Intra-oral signs are inconstant and difficult to diagnose. These include loss of taste or metallic taste, numbness, burning sensation, soreness at the side of the tongue, angular cheilitis (Figure 10), and erythematous areas or severe gingivitis in the absence of plaque. Nickel-induced hypersensitivity is a delayed-type IV Hypersensitivity immune response, found 24 hr’s after nickel exposure. The prevalence of nickel allergy is higher in females than males (28% in females, 0% in males.)
Latex allergy: Since, the mid-1980’s, Introduction to Natural Rubber Latex (NRL) in the clinical environment has increased knowingly because of concerns over the transmission of viral infections, such as Human Immunodeficiency Virus (HIV) and hepatitis B. This has resulted in protective gloves, being worn regularly for clinical procedures, usually made from NRL where contact with bodily fluids may occur. When these gloves are worn, corn-starch powder contaminated with protein is deposited on the skin (Figure 11). Also, when they are put on or removed, the powder spreads into the air and can be inhaled, contacting mucous membranes leads to reaction .
Latex sensitivity may occur in response to contact with latex gloves or elastomeric ligatures (modules) and intra- and extra-oral elastics. The commonest sites affected are the gingivae and tongue, but the perioral region may also be affected. The reaction includes irritant contact dermatitis, Allergic contact dermatitis (Type IV response), Immediate Type I response. The Clinician should be aware of the sensitivity and manage it properly .
Management of nickel and latex allergy: Patients who are allergic to nickel can use titanium wires and brackets; epoxy coated titanium wires. Ceramic brackets or clear aligners can be used in those patients and those patients who are allergic to latex; the first thing to do is monitor for an adverse reaction. In latex-sensitive patients, steel ligatures or self-ligating brackets may be used as an alternative to conventional straight wire brackets and elastic modules and chains. Synthetic non-latex gloves made from nitrile, polychloroprene, elastin, and vinyl can be used.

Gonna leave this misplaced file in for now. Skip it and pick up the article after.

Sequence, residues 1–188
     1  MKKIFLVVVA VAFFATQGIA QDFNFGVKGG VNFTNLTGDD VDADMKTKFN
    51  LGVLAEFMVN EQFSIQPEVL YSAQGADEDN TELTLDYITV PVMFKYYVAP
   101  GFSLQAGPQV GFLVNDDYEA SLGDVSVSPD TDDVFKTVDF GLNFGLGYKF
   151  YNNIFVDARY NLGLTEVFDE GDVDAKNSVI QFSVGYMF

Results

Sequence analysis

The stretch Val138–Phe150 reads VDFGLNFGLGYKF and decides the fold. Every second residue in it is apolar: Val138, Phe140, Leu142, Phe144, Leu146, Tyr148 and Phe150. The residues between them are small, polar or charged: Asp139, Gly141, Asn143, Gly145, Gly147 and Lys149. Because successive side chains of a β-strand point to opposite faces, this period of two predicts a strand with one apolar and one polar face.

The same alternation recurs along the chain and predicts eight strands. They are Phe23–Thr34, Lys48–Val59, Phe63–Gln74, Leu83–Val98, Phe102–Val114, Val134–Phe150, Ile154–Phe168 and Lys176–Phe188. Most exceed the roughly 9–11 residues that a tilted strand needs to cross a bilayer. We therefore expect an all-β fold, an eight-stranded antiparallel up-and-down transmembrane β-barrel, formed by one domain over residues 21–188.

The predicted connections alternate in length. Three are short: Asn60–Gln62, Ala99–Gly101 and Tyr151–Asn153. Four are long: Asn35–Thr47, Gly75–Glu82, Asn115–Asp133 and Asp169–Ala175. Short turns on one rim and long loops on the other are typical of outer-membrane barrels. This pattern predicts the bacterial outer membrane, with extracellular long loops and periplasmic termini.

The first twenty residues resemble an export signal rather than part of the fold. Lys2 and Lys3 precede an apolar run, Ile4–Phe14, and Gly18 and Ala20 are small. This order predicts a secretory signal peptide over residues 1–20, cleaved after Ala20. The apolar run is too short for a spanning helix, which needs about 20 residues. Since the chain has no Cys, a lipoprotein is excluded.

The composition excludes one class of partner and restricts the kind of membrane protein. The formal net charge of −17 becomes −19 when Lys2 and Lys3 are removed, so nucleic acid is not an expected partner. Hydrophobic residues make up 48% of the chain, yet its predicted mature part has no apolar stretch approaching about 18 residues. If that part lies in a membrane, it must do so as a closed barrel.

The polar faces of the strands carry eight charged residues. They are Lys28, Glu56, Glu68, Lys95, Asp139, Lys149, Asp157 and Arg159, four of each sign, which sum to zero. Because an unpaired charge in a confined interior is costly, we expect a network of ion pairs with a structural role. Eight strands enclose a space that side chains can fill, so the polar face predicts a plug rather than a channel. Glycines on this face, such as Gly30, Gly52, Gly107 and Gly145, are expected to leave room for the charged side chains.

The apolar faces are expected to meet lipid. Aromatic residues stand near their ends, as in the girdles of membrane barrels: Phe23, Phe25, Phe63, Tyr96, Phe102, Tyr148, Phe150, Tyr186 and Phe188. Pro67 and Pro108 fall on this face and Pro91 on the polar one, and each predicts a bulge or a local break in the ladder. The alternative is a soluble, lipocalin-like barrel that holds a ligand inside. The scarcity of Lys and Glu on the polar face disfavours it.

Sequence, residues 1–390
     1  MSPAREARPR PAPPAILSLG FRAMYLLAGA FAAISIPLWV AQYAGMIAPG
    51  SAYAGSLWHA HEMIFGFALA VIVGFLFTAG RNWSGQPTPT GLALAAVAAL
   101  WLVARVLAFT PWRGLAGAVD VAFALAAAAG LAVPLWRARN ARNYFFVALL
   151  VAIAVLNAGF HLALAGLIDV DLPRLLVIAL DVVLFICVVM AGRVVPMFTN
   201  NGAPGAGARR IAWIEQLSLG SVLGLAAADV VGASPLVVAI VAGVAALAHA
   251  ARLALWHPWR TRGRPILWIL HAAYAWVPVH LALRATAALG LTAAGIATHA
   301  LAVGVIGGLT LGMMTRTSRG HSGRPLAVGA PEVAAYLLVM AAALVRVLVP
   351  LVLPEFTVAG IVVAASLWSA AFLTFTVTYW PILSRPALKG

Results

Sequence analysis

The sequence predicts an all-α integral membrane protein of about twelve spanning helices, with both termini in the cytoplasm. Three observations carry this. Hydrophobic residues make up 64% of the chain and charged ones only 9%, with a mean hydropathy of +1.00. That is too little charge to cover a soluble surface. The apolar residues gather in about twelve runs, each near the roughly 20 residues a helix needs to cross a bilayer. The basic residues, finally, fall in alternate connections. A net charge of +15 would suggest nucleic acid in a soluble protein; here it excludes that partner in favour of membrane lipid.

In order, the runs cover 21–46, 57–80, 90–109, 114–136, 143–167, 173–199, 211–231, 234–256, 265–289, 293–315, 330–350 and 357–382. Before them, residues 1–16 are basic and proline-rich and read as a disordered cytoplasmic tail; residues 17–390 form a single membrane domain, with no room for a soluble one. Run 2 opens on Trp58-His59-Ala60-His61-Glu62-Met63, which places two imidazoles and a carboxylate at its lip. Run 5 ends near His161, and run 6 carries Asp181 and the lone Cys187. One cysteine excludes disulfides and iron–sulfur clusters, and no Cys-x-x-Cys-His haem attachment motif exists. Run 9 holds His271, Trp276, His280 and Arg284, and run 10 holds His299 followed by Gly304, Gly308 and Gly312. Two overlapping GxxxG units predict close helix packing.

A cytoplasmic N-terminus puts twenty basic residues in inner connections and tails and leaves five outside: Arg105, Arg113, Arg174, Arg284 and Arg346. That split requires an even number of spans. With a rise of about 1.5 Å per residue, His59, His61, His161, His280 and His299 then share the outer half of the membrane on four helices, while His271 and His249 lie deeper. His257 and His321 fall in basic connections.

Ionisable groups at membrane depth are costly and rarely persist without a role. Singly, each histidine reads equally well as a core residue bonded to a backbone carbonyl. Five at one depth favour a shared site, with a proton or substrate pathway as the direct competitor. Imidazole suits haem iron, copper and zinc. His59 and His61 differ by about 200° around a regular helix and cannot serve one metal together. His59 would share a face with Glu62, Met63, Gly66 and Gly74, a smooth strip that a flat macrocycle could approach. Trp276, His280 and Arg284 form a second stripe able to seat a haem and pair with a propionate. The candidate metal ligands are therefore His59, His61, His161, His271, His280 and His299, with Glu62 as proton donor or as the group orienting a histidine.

Soft tissue complications related to implants
The overview of micro-implants to orthodontics as a skeletal anchorage option has directed to their use in critical anchorage situations. Their simple design and ease of placement help to avoid trauma and subsequent ulceration.
Periimplantitis: Peri-implantitis is a site-specific infectious disease that causes an inflammatory process in soft tissues, and bone loss around an osseo integrated implant in function. Peri-implantitis (inflammation of the gingiva around the implant) is a result of improper oral hygiene maintenance.
Management of periimplantitis: Patients should be encouraged to continue a high level of oral hygiene during treatment. In the case of periimplantitis, it is advisable to remove the implant as soon as possible with anti-infective therapy.
Root desorption: Root desorption is a pathological and physiological process that results in the loss of the cementum and dentine. Orthodontic tooth desorption is an inflammatory process in which orthodontic forces are transferred to the teeth and hyalinized areas are thus removed in the periodontal area. ORR has multifactorial etiology including genetic, mechanical factors. Since OIRR is asymptomatic, it can only be identified radio graphically or histologically.
Management of Orthodontic tooth desorption
• Various drugs are available to manage ORR includes Echistatin, Bisphosphonates, Prostaglandin, Nambumetone. They act by inhibiting the activity of clast cells.
• Pause during treatment: a pause in the active treatment of orthodontic treatment reduces the orthodontic root desorption.
• LIPUS (Low-Intensity Pulsed Ultra Sound): LIPUS at 100 or 150 MW/cm2 exhibited decreased RR, decreased osteoclast numbers and activity levels, increased OPG/RANKL expression ratios thus reducing the root desorption.
• Owmann-Moll et al. stated that the resorptive activity of root can be repaired by covering with cellular or acellular cementum.
Most orthodontic scars are transient and self-correcting in nature. Nevertheless, if these scars are unnoticed or untreated during treatment, they may cause complications in the form of infections resulting in pain and discomfort. Patient’s oral hygiene maintenance and orthodontist intense observation during recall/review visits is the key to minimizing the chances of such scars.